TNR in Southern Utah
Over the last weekend in July, two communities in Southern Utah came together to help address the community cat (feral and stray cat) population with the help of Best Friends Animal Society. Our cat initiatives team was met with open arms in both Escalante and Boulder, an area where the closest veterinarian is two and a half hours away. The multi-day trap/neuter/return (TNR) project resulted in the fixing of 90 cats, with the help of local community cat caregivers, volunteers, and Best Friends staff and clinic.
TNR success in rural communities in Southern Utah
"We wanted to assist in helping our neighbors take care of their burgeoning community cat population by doing a volume-based event. We brought up 100 traps to split between the two communities, and they were all put to good use," shares Janice Dankert, community cat program supervisor. "We were especially keen on helping them because of the results we have been seeing due to the dedication of some special caregivers in Escalante. They facilitated approximately 200 cat spays and neuters over the summer, and we're seeing a reduction in the number of free-roaming cats. Dr. Patti Patterson and the whole Best Friends clinic team did an outstanding job in providing quality care."
The cat champions of Escalante are a powerhouse TNR trio: Allysia Angus, Cindy Calbaum and Paulette Ksiezak will not rest until all the cats are spayed or neutered. Allysia has been working to get the companion animals of her rural community fixed for years. In fact, she was among the first Utahns to try and get the Big Fix (Best Friends Animal Society-Utah's mobile spay/neuter clinic) to come to her area. These animal lovers are also extremely organized (spreadsheets track their progress), and ready to maximize their resources (they got an article in the local Garfield County publication to advertise the TNR event, sent out email blasts, and posted about the event on Facebook). When the big TNR weekend finally arrived, they were ready.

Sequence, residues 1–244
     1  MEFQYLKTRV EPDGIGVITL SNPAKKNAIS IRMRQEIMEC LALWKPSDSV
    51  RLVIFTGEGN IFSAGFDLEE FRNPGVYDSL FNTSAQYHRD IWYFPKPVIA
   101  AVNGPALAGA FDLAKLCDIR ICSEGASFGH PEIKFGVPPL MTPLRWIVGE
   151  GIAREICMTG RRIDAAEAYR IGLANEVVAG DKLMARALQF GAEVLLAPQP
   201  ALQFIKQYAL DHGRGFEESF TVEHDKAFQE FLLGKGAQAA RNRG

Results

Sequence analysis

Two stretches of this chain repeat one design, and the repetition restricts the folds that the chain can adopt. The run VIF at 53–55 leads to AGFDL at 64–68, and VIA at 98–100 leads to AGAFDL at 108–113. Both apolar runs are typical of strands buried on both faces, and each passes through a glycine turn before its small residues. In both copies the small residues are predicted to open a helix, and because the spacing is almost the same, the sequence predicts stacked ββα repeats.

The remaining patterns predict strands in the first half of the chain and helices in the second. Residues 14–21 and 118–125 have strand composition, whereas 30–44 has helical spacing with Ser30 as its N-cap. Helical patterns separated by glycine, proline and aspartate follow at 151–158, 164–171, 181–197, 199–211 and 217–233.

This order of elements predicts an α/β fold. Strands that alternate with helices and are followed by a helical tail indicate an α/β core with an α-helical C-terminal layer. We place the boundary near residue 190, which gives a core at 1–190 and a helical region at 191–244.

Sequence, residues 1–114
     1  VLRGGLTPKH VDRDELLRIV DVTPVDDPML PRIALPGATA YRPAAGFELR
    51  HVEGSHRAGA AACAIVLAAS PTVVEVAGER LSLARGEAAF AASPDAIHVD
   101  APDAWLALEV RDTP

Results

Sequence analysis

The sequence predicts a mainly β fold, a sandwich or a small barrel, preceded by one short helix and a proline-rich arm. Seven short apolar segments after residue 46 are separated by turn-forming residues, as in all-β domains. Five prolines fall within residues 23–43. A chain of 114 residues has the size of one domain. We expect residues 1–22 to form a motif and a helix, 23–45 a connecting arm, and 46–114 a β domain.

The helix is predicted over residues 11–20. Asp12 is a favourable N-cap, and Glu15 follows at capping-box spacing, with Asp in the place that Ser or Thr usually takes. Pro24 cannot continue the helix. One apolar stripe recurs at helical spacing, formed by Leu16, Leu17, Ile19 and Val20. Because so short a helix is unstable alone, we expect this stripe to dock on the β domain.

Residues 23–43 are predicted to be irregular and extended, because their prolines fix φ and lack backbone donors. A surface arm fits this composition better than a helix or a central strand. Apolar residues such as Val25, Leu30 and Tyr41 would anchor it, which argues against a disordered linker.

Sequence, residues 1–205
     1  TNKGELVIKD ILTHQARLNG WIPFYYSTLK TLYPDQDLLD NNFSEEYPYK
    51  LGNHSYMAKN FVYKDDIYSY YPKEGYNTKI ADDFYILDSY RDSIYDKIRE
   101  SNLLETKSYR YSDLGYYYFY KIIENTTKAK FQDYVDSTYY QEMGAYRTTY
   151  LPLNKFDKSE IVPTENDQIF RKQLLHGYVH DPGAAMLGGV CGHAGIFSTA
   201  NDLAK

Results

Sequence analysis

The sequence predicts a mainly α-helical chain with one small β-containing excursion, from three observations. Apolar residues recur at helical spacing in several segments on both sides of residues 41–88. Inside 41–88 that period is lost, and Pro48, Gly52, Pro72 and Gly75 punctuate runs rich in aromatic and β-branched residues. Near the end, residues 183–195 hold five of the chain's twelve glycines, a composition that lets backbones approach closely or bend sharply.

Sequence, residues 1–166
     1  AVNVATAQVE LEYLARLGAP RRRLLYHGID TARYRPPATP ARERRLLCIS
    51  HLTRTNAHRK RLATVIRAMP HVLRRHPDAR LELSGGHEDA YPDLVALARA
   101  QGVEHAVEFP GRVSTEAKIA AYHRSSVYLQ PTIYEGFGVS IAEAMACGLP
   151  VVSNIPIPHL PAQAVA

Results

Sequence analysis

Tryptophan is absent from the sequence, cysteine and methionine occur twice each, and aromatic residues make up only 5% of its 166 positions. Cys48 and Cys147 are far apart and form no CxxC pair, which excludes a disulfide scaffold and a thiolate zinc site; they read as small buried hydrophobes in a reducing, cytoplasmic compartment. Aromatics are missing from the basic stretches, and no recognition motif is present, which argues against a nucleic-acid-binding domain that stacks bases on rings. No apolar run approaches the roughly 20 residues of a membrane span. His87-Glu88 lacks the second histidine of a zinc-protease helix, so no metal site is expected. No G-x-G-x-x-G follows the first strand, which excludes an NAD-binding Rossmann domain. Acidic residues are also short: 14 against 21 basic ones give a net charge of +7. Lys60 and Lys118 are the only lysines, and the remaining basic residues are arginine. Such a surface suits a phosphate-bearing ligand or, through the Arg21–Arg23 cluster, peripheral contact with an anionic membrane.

"Our community has people that deeply care about the animals here, but we have access to such a limited amount of resources," says Allysia. "We've got folks who are elderly or homebound for health reasons, and they're feeding 25 cats in their backyard. We are thrilled that we were able to provide them assistance, and in turn they also rose to the occasion and helped bring in as many cats as possible, and they were so appreciative."
Janice echoes this sentiment: "As soon as we got there, the people were so hospitable - they literally opened their homes to us, they offered us food and said, 'Don't get a hotel, stay with us.' It was so heartwarming to see a community care so much about the animals and us, too."
Best Friends on their side
The busy Best Friends clinic has no shortage of Sanctuary animals to take care of, but clinic staff sees helping community cats as helping one of their own. "I love cats, and being able to help these cats is one of the most rewarding aspects of my job," enthuses Dr. Patti. "These cats literally have no one else to help them. I am fulfilled and proud to be an advocate for and (help) those cats that are often overlooked."
She also says that there are further-reaching ramifications to being part of this lifesaving endeavor: "It is important for our clinic to support the Best Friends initiatives, as we are often looked to as role models for other rescue groups, shelters and animal advocates. We need to show these people TNR works, and working with, rather than against, a community cat population is a humane and rewarding way to help these cats and those who care for them."
You can help the community cats of your neighborhood. Go to the cat initiatives page to find out ways you can get involved.
Photos by Best Friends staff and Allysia Angus